Two things are clear in the crisis over Russia’s effective seizure of Ukraine’s Crimean Peninsula: Russian President Vladimir Putin scored a knockout in the first round, and economic sanctions will not change what has become a fait accompli.
Certainly the restrained sanctions that President Obama announced on Monday wont. They were tantamount to a slap on the wrist in response to a brazen military takeover of a key province in a neighboring country.
Mr. Obama had repeatedly warned that there would be very heavy costs imposed on Russia if Mr. Putin pursued his bid to annex Crimea. The penalties that he and our European allies announced, though, were underwhelming, to say the least. So much so, that global stock markets shot up here and in Europe, as did Russia’s stock and currency markets in celebration of the soft response.
“So far the sanctions seem fairly toothless and much less severe than had been expected last week,” said economic analyst Kathleen Brooks at Forex.com on Monday.
“From the market’s perspective, the biggest risk was that the referendum would trigger tough sanctions against Russia that could lead to another Cold War,” she said.
In Washington, there was shock at how limited and weak the U.S. sanctions were. In its lead editorial Tuesday, The Washington Post called Mr. Obama’s response all “Bark but no bite.”
“While Vladimir Putin matches or exceeds the most pessimistic expectations of his belligerence — over the weekend, Russian forces extended their invasion from Crimea to an adjacent area of Ukraine — the United States and its allies so far are delivering less than they threatened,” the newspaper said.
From the beginning of this long-planned military thrust into the Ukraine in pursuit of his Cold War dream to rebuild a Greater Russia, Mr. Putin has been running circles around his foes in the United States and Europe.
During the past week or so, he has flooded Crimea with his troops, silenced dissent, organized the region’s Russian-speaking majority in support of a bogus referendum (using pre-marked ballots) to declare that they wanted to be part of Russia, then signed a decree recognizing Crimea as an independent state — a first step under Russian law before annexation.
Meantime, Crimea is petitioning Moscow to join the Russian Federation, adopting the ruble as its official currency, and renaming its parliament, the State Council of the Republic of Crimea.
Mr. Putin is just getting started. He now has his eyes set on larger areas in Eastern Ukraine, if he can get away with it. Russian forces were massed on the Ukrainian border, sending a threatening signal that the rest of their country could be next.
The meek economic sanctions that Mr. Obama announced singled out just seven Russian officials close to Mr. Putin and a only handful of Ukrainian officials, revoking their visas and freezing personal property and currency assets.
None of the big-money men who are supporting Mr. Putin’s police-state regime, nor the banks and oil and gas giants that bankroll the Russian economy, were included in the sanctions. The European Union singled out 21 people, “but far fewer than would be needed to cause pain in the Kremlin,” The Washington Post pointed out.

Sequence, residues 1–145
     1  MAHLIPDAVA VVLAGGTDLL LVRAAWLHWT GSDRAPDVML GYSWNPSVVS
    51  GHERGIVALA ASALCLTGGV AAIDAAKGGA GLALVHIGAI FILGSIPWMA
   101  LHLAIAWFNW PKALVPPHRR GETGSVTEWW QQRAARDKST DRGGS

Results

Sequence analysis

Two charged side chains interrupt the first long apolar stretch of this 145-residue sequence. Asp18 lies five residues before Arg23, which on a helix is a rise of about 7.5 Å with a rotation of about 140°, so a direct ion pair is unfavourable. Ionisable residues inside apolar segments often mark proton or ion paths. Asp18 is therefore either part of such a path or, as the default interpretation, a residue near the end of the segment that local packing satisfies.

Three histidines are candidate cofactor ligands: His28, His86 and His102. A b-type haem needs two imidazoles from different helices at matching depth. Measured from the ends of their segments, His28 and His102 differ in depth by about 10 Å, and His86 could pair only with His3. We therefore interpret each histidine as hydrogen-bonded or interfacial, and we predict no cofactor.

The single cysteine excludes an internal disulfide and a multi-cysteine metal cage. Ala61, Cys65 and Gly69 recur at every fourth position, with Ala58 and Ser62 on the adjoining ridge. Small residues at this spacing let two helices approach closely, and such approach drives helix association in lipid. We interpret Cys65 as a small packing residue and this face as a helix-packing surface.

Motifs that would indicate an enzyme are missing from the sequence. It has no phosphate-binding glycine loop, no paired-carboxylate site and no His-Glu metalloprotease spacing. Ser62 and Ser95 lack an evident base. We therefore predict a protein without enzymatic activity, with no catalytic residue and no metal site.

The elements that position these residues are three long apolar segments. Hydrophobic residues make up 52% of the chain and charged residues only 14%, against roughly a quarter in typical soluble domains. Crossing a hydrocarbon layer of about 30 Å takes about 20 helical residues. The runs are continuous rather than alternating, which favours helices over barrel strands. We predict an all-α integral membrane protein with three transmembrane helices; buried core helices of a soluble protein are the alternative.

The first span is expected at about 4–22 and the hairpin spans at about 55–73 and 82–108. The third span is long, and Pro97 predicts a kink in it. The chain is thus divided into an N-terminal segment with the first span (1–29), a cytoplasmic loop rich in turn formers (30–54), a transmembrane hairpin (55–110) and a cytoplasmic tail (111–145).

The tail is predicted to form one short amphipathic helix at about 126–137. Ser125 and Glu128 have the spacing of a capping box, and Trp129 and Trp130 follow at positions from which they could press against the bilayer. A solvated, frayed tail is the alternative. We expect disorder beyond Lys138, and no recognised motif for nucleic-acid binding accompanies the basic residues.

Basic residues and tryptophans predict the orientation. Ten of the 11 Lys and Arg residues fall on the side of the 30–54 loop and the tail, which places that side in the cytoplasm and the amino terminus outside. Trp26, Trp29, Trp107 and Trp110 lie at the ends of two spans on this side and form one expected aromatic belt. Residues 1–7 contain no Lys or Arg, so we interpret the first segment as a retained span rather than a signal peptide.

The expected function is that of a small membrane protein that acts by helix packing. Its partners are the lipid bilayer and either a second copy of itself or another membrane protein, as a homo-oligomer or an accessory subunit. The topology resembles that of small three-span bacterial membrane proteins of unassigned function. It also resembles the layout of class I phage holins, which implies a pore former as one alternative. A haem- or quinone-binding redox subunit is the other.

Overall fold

A number of Russians who faced sanctions, as well as top government officials, mocked Mr. Obama’s move.
“Comrade Obama, what should those who have neither accounts nor property abroad do? Have you not thought about it?” Russian Deputy Prime Minister Dmitry Rogozin tweeted. “I think the decree of the President of the United States was written by some joker.”
Meanwhile, on Capitol Hill, Republicans were urging the president to take stronger actions, including an executive order to export U.S. natural gas to Europe, which is heavily dependent on Russia for its energy needs.
“The highest priority should go to approving exports to Europe, where in many places Russia has a near-monopoly on natural gas,” Sen. Lindsey Graham of South Carolina and former House Speaker Newt Gingrich said in an analysis on CNN’s website.
It seems clear that whatever Mr. Obama does in terms of tougher sanctions or other actions, it won’t change what has happened in Crimea, which remains a done deal.
“Crimea is lost. In practice, there’s no way that Ukraine is ever going to get it back,” says Anatol Lieven, professor of foreign relations at King’s College London.
“The question now, and it’s a vastly greater strategic question, is what happens in eastern Ukraine,” he said.
It hasn’t received the attention it deserves here in the nation’s capital, but Russia has already indicated that it’s next move might well be into the eastern part of Ukraine, under the pretense of protecting the Russian-speaking minority from Ukrainian nationalists.
The Ukraine government has already accused Moscow of triggering unrest and dissension in the region to justify an invasion, just as it did in Crimea.
If that’s the next shoe to drop, Mr. Obama and his foreign-policy team have sent disturbing signs in the interim that they are not up to the challenges posed by Mr. Putin in his own backyard.
During the past two weeks, the president and Secretary of State John F. Kerry have been caught flat-footed by the swift, cold-blooded actions of a ruthless former KGB agent who dreams of restoring what President Reagan called the “evil empire.”
Theodore Roosevelt once famously said that when dealing with foreign tyrants, it was important to “speak softly and carry a big stick.” In his emotionless, perfunctory delivery of his toothless sanctions on Monday, Mr. Obama spoke far too softly and carried no stick.
A vulnerable nation in Eastern Europe that wants to align itself with the West is under siege by a bloodthirsty dictator who is used to getting what he wants. Is this the best that Mr. Obama can do?
Donald Lambro is a syndicated columnist and contributor to The Washington Times.